Summary: God will give us the power to do the things He calls us to do.
There is a story of a man that rode into a western town on a stagecoach. He was hired as the local saloon’s bartender. The owner gave him a word of warning: “Remember, if you ever hear that Big John is on his way to town, drop everything and run for your life.”
Things went fine for several months until one day, a big strong cowhand with a ghost-white face burst through the swinging doors shouting, “Big John’s a comin’, Big John’s a comin’.” The patrons scrambled to get out of the door, knocking the bartender to the floor, running over him as they rushed out doors and windows. The bartender gathered his senses, got up off the floor, and was dusting himself off when a giant of a man suddenly came through the saloon doors. Riding bareback on a buffalo, using a rattlesnake for a whip, he rode through the doors, splintering the doors and doorframe. The man flung the snake into the corner, knocked over the tables as he walked up to the bar, and then with his huge fist split the bar in half. “Give me drink,” he yelled. “Y-y-y-yes sir,” said the frightened bartender. The man bit the top of the bottle off with his teeth, downed the contents in one gulp, and let out a belch that shattered the saloon mirror, and then turned to leave. The bartender said, “W-w-w-would you like to have another d-d-drink?” The man roared as he jumped back on his buffalo, “I ain’t got time. Big John’s a comin’ to town.”
Big things almost always intimidate us. Often big things produce fear and even a paralyzing effect.
Today is the last in a series of four messages that revolve around the calling and early ministry of Elisha the prophet.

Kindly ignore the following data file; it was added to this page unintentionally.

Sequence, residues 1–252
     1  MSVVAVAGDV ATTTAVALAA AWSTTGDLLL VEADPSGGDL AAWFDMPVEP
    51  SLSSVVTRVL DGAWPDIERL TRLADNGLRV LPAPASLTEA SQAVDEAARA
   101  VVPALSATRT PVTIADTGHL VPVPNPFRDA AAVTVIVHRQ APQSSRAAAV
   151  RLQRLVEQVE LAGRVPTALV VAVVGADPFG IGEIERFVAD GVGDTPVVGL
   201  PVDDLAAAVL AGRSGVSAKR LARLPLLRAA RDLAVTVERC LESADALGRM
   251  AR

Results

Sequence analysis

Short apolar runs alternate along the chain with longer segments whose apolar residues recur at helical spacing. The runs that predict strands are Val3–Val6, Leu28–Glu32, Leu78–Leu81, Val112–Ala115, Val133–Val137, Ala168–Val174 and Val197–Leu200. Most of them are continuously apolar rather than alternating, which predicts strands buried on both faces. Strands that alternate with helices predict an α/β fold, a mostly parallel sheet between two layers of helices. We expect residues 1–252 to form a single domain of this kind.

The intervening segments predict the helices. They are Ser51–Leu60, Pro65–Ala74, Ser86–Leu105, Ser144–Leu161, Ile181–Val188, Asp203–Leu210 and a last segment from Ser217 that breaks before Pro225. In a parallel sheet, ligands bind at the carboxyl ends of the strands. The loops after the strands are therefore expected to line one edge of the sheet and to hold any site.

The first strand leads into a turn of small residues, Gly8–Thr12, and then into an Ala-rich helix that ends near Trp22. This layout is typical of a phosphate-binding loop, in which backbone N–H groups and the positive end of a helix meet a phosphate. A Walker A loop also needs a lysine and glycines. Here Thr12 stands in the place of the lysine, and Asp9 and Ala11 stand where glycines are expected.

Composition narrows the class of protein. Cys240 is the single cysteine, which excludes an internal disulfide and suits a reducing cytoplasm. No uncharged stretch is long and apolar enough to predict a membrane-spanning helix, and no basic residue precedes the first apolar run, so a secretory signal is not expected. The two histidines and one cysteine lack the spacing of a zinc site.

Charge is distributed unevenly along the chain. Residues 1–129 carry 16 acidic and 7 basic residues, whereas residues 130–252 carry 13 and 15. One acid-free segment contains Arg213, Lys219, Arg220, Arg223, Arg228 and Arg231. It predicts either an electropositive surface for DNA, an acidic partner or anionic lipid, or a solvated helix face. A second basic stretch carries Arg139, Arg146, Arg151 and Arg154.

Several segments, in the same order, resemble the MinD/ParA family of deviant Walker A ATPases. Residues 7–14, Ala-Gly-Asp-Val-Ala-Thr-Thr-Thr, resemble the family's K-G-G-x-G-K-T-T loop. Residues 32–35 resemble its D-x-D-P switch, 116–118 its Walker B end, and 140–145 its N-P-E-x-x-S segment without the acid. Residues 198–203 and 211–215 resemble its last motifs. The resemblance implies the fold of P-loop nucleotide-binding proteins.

Today it may be that God is calling you to do something bigger than you can imagine yourself being able to do
You may have been thinking for the last few weeks about what God wants you to do.
For some of you it may be a bigger thing than what you want to deal with.
Let’s examine today the reality of doing things for God, which we know we can not do by ourselves. If we can understand that with God all things are possible is more than just a cute phrase. It is more than just a nice line. It is fact. It is reality. With God’s help through the power of His Holy Spirit we can do anything. There is nothing that we can’t do.
II Kings 2: 11-14
“So the two of them walked on. Fifty men of the company of the prophets went and stood at a distance, facing the place where Elijah and Elisha had stopped at the Jordan. Elijah took his cloak, rolled it up and struck the water with it. The water divided to the right and to the left, and the two of them crossed over on dry ground. When they had crossed, Elijah said to Elisha, “Tell me, what can I do for you before I am taken from you?” “Let me inherit a double portion of your spirit,” Elisha replied. “You have asked a difficult thing,” Elijah said, “yet if you see me when I am taken from you, it will be yours—otherwise not.” As they were walking along and talking together, suddenly a chariot of fire and horses of fire appeared and separated the two of them, and Elijah went up to heaven in a whirlwind. Elisha saw this and cried out, “My father! My father! The chariots and horsemen of Israel!” And Elisha saw him no more. Then he took hold of his own clothes and tore them apart. He picked up the cloak that had fallen from Elijah and went back and stood on the bank of the Jordan. Then he took the cloak that had fallen from him and struck the water with it. “Where now is the Lord God of Elijah?” he asked. When he struck the water, it divided to the right and to the left, and he crossed over.”
Elijah asked Elisha a very important question right before he and Elisha knew he was about to be taken from this earth. He offered to help in whatever way Elisha needed. It is these kinds of occasions that can be most revealing about the character of someone. This was a test of Elisha’s character and values.
His primary desire leaps from his mouth before he even has time to think about it: “Let me inherit a double portion of your spirit,”
Elisha’s desire to succeed Elijah was no glamorous or appealing choice during the Omri dynasty. It basically meant your life could and probably would be in danger if you faithfully delivered God’s messages.